In SBS Blog

This past week we studied the gospel of John, which provides a further investigation into the deity of Jesus as the great I AM. The author was writing to an audience who believed in Jesus, but needed further confirmation of him as both human and God. His gospel includes details mentioned not a part of the other three, specifically directed towards an audience of primarily Gentile and Hellenistic (Greek) Jewish background, of his humanity and entity as apart of the Trinity.

A good example to the original readers that would further their understanding of Jesus’ deity, would be in the way that he practically loved his twelve main disciples. Jesus was omniscient; having unlimited and complete understanding, and knew of the darkness in two specific disciples; Judas Iscariot and Peter.

In John 13:5 they were preparing for the Feast of the Passover. Jesus, in a sign of humility, casts aside his position of authority and washes the feet of those whom had devoted their lives to journeying alongside him in his ministry while present among the world in the flesh. In John 13:10-11, Jesus reveals his understanding of the one whom would betray him prior to the occurrence taking place, which soon after in 13:26, Judas Iscariot was identified as the transgressor.

As well in 13:38, Jesus foresees Peter’s denial by the signal of a rooster crowing as he rejects claims of association with him.

With full knowledge of the future and insight into the hearts of each man, Jesus intentionally chooses those who would disappoint him in his greatest time of need. Yet, never once did he demonstrate partiality to the specific subjects he addressed, nor projected humiliation upon them or gave treatment in an undignified manner among the presence of others.

This beautiful example of pure love, which does not look to the reciprocation or acknowledgement of others, shows the mighty grandeur of the One whom we serve; both the original reader & hearer, our culture today and the generations of tomorrow.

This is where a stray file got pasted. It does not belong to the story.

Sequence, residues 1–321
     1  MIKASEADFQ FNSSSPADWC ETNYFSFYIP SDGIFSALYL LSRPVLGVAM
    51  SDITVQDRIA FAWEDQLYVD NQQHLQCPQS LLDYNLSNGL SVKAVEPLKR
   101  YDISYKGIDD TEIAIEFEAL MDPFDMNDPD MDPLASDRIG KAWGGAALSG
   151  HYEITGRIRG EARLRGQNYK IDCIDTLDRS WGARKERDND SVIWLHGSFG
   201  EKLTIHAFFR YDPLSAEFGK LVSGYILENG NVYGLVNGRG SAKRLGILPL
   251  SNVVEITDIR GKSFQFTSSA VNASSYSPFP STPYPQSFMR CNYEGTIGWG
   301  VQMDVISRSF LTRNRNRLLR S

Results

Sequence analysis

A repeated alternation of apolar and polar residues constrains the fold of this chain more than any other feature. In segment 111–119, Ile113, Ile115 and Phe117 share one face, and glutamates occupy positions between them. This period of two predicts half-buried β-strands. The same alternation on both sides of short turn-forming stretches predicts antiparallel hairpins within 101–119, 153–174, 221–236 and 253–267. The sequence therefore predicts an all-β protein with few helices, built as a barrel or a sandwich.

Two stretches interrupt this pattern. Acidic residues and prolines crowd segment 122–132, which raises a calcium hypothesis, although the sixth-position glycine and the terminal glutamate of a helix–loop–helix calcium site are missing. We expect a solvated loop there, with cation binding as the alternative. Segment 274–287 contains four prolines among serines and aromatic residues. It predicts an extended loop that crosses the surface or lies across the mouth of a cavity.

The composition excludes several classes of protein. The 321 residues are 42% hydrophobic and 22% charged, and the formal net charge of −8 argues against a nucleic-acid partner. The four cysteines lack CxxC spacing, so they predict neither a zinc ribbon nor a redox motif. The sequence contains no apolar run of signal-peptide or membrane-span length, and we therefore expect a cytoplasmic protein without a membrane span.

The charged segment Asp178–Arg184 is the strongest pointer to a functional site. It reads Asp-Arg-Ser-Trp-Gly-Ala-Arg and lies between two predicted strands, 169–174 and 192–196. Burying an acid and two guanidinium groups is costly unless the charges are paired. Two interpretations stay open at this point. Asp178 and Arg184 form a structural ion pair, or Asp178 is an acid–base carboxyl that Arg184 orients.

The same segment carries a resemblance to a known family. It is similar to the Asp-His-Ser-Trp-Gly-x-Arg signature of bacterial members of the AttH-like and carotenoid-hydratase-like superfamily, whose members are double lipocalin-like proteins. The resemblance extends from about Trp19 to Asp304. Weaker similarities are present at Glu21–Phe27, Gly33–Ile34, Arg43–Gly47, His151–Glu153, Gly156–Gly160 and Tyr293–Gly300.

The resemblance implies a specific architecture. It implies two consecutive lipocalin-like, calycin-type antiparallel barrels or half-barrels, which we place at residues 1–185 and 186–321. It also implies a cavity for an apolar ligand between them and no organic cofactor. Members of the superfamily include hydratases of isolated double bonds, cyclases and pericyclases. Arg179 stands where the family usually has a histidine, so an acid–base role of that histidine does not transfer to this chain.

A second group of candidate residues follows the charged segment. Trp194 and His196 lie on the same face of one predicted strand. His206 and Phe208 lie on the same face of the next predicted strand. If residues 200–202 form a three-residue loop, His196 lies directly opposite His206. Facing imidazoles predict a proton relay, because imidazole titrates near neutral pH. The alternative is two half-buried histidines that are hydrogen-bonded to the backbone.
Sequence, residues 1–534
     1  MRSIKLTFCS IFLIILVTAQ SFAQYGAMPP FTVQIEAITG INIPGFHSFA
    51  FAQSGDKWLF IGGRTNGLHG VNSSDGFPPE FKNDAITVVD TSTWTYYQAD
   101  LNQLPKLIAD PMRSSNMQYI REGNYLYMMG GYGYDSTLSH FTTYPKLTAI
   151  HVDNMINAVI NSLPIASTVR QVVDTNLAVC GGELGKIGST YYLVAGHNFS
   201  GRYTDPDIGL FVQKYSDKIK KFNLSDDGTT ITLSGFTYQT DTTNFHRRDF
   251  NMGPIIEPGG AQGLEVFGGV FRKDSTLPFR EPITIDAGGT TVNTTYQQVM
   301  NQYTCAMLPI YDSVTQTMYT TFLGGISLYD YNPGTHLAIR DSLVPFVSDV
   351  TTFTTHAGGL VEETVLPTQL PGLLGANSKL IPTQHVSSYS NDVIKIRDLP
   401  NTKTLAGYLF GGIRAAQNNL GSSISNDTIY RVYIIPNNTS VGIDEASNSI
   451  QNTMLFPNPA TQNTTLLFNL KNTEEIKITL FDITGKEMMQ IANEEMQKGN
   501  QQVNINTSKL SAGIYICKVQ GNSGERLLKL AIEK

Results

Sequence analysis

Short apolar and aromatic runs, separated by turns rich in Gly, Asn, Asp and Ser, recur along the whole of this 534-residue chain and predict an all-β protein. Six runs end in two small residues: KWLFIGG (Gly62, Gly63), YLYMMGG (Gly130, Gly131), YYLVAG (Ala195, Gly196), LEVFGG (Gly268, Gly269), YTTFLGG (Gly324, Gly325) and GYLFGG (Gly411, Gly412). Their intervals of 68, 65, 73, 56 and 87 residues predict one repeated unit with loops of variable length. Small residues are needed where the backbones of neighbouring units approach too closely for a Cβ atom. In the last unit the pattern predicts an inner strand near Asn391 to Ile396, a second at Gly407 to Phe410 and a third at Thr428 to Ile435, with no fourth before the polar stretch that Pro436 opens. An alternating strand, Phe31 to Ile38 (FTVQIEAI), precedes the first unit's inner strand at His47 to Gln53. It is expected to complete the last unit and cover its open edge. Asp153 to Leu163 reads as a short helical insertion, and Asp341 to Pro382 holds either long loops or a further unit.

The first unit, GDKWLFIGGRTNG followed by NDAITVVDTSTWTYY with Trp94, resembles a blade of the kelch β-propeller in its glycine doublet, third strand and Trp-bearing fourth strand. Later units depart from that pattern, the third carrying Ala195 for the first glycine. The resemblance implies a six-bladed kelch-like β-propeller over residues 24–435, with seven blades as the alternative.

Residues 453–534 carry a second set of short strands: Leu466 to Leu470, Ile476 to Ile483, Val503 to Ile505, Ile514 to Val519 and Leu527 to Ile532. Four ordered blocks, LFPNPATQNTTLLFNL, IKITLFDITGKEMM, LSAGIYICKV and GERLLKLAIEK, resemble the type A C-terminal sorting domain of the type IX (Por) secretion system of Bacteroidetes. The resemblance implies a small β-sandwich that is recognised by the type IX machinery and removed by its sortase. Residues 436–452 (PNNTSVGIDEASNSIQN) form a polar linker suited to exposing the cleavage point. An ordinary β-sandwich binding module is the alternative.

From this I have personal conviction in how I have shown favouritism to those who share commonalities in interests, personality or even devote themselves to the same God I love. It is easy to be exclusive when others do not recognize our individual value. I am challenged that in situations where I have understanding of another’s weakness or prior negative experiences, to not allow those previous events or conception of someone to taint the perspective of Jesus’ mandate to love one another as he has loved us. With God’s full insight into our brokenness and acceptance of our failures, his mercies remain forever anew to the one who cries to Jesus. His forgiveness is in abundance and his grace is sufficient.

This week, as an application, ask God where you can improve on extending acceptance and limited partiality to those apart of your everyday life. Remember, Jesus willingly washed the feet of his betrayer and we are called to abide in his example of love.

Steph Helsel

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